I'm curious about this pattern that I saw while adding many powers of two together, and then taking the prime factorisation of each result, and I'm curious as to why this occurs.

Here is the pattern:

$2^n$ will have the prime factors of $2^n$ For example, $4$ has $2x2$ as prime factors.

$2^n + 2^{(n+1)}$ will have prime factors of $2^n* 3$ For example, $12$ $(4+8)$ has $2x2x3$ as prime factors.

$2^n + 2^{(n+2)}$ will have prime factors of $2^n* 5$ For example, $20$ $(4+16)$ has $2x2x5$ as prime factors.

$2^n + 2^{(n+1)} + 2^{(n+2)}$ will have prime factors of $2^n* 7$

But this is where it changes:

$2^n + 2^{(n+3)}$ will have prime factors of $2^n* 3^2$ For example, $36$ $(4+32)$ has $2x2x3x3$

$2^n + 2^{(n+1)} + 2^{(n+3)}$ will then return to prime factors of $2^n* 11$

Iterating through every combination of powers we can sum up, I have found that we will get every prime number excluding $2$ (as it would factor into $2^n$) and all possible combinations of prime numbers excluding $2$ like so in ascending order for the prime factors:

$3, 5, 7, 3*3, 11, 13, 3*5, 17, 19, 3*7, 23, 5*5, 3*3*3, 29...$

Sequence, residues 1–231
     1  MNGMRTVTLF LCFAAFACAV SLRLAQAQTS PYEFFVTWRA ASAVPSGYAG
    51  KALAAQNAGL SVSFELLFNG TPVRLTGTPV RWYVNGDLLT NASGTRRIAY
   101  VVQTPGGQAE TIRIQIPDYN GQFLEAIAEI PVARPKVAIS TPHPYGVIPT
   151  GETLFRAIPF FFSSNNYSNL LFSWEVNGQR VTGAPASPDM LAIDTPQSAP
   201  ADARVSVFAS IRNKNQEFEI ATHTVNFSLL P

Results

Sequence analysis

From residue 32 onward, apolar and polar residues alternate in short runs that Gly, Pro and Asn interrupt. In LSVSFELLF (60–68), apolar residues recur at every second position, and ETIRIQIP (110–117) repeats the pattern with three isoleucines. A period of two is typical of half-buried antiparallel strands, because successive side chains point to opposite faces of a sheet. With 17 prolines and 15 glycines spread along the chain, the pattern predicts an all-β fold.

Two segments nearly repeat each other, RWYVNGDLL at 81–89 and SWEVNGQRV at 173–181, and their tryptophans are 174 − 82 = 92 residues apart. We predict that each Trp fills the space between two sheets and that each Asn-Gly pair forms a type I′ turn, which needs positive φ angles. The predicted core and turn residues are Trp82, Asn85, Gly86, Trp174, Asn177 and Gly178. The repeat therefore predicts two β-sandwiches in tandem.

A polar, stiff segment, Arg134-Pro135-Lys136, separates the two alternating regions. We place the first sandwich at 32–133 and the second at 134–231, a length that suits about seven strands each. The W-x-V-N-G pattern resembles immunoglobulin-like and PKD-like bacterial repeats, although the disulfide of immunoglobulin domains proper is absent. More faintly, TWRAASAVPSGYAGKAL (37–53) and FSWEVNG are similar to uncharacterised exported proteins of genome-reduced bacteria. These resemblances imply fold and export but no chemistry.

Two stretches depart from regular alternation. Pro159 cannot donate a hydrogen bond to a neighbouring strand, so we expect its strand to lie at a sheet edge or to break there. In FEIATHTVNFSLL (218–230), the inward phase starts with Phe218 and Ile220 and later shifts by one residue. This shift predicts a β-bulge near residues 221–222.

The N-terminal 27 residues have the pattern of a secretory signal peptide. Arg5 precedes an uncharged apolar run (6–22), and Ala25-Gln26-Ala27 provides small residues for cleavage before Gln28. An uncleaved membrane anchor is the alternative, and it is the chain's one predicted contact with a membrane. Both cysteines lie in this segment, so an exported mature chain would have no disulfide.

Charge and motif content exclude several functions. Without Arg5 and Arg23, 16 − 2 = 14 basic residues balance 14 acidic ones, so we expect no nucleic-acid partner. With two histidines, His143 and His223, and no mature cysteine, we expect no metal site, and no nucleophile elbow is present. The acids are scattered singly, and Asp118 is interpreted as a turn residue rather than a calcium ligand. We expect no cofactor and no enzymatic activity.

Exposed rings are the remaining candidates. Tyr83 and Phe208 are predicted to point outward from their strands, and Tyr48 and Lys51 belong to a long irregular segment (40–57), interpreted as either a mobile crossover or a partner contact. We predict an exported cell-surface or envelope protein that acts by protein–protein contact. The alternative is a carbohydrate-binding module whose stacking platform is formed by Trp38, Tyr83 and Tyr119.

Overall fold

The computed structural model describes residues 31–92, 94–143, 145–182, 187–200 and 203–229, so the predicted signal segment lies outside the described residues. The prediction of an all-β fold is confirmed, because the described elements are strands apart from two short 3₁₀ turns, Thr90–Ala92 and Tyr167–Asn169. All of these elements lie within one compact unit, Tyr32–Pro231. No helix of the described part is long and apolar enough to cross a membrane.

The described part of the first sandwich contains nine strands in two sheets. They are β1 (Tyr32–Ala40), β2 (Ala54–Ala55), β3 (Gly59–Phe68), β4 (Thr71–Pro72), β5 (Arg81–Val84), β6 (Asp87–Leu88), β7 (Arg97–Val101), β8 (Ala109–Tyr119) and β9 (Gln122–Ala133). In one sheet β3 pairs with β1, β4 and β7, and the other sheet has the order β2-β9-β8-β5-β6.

$2$ and combinations with two are of course excluded because it would just be a prime factor of $2^n$.

A similar sequence begins with powers of $3$:

$2*2, 5, 7, 2*2*2, 11, 13, 2*2*2*2, 17...$

Removing all the numbers that sometimes disappear that are larger than the base m in m^n:

$2, 3, 5, 7, 11, 13, 17, 23, 29...$

We have the prime numbers.

I am curious as to how and why this works, and if it can be generalised.

  • $\begingroup$ Welcome to MSE. Please use MathJax to format both, your questions and your answers :) $\endgroup$ – mrtaurho Oct 15 '18 at 20:50
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    $\begingroup$ @mrtaurho thank you for this link, I'll start formatting it now. $\endgroup$ – user10176969 Oct 15 '18 at 20:51
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    $\begingroup$ Use $\cdot$ instead of $*$. $\endgroup$ – Shine On You Crazy Diamond Oct 15 '18 at 21:08

Note that $$2^n+2^{n+1}=3\cdot 2^n\quad \quad 3=11_2\\ 2^n+2^{n+2}=5\cdot 2^n\quad \quad 5=101_2\\2^n+2^{n+1}+2^{n+2}=7\cdot 2^n\quad \quad 7=111_2$$ You can express your odd prime in binary and multiply by $2^n$ to get the pattern you are seeing.

  • $\begingroup$ Ah, that makes a lot of sense. So, it take it that instead of generating the primes, I am just making all numbers excluding $2^n$ as I am including it in all equations, hence all numbers end with 1 in binary. Thanks, this makes a lot more sense now! $\endgroup$ – user10176969 Oct 15 '18 at 21:00

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